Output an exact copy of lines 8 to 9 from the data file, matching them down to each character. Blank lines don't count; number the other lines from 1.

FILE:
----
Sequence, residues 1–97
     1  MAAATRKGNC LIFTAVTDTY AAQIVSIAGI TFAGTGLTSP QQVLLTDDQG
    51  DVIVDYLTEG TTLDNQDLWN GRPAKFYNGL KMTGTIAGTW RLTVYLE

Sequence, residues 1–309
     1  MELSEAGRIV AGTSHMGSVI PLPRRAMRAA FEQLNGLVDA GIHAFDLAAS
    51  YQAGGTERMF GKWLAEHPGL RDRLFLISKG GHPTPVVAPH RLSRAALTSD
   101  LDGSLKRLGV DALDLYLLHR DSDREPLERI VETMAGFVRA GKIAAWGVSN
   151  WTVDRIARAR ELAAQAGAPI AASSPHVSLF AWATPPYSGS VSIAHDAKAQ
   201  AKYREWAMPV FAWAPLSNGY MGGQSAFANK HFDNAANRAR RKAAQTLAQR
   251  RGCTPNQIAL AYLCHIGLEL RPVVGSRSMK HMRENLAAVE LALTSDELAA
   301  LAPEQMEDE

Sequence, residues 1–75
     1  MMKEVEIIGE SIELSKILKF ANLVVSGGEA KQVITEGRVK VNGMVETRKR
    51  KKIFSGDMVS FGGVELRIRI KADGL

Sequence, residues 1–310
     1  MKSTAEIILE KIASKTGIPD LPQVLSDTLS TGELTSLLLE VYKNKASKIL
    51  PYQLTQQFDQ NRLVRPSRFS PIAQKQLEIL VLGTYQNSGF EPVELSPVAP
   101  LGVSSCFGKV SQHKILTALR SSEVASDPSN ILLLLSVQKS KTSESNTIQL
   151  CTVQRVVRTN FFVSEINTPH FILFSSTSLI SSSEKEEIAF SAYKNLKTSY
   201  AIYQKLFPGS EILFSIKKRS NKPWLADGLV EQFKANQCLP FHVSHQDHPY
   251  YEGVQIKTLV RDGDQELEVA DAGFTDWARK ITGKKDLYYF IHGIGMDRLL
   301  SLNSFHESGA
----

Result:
   151  WTVDRIARAR ELAAQAGAPI AASSPHVSLF AWATPPYSGS VSIAHDAKAQ
   201  AKYREWAMPV FAWAPLSNGY MGGQSAFANK HFDNAANRAR RKAAQTLAQR